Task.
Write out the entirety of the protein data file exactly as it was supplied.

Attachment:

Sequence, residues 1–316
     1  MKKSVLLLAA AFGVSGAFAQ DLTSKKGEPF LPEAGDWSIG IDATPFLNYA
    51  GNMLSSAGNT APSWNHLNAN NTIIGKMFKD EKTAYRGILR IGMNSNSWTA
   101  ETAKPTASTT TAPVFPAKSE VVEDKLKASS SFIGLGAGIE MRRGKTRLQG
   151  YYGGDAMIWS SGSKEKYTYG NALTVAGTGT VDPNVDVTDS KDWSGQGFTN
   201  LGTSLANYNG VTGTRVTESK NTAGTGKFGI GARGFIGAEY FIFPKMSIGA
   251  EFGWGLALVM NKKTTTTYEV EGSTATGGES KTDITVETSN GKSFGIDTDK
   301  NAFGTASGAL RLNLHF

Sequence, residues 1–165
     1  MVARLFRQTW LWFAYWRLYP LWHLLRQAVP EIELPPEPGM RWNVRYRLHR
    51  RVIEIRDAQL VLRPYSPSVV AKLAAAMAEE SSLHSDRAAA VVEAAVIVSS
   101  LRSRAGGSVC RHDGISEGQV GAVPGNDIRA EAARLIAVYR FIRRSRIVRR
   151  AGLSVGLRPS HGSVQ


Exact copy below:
Sequence, residues 1–316
     1  MKKSVLLLAA AFGVSGAFAQ DLTSKKGEPF LPEAGDWSIG IDATPFLNYA
    51  GNMLSSAGNT APSWNHLNAN NTIIGKMFKD EKTAYRGILR IGMNSNSWTA
   101  ETAKPTASTT TAPVFPAKSE VVEDKLKASS SFIGLGAGIE MRRGKTRLQG
   151  YYGGDAMIWS SGSKEKYTYG NALTVAGTGT VDPNVDVTDS KDWSGQGFTN
   201  LGTSLANYNG VTGTRVTESK NTAGTGKFGI GARGFIGAEY FIFPKMSIGA
   251  EFGWGLALVM NKKTTTTYEV EGSTATGGES KTDITVETSN GKSFGIDTDK
   301  NAFGTASGAL RLNLHF

Sequence, residues 1–165
     1  MVARLFRQTW LWFAYWRLYP LWHLLRQAVP EIELPPEPGM RWNVRYRLHR
    51  RVIEIRDAQL VLRPYSPSVV AKLAAAMAEE SSLHSDRAAA VVEAAVIVSS
   101  LRSRAGGSVC RHDGISEGQV GAVPGNDIRA EAARLIAVYR FIRRSRIVRR
   151  AGLSVGLRPS HGSVQ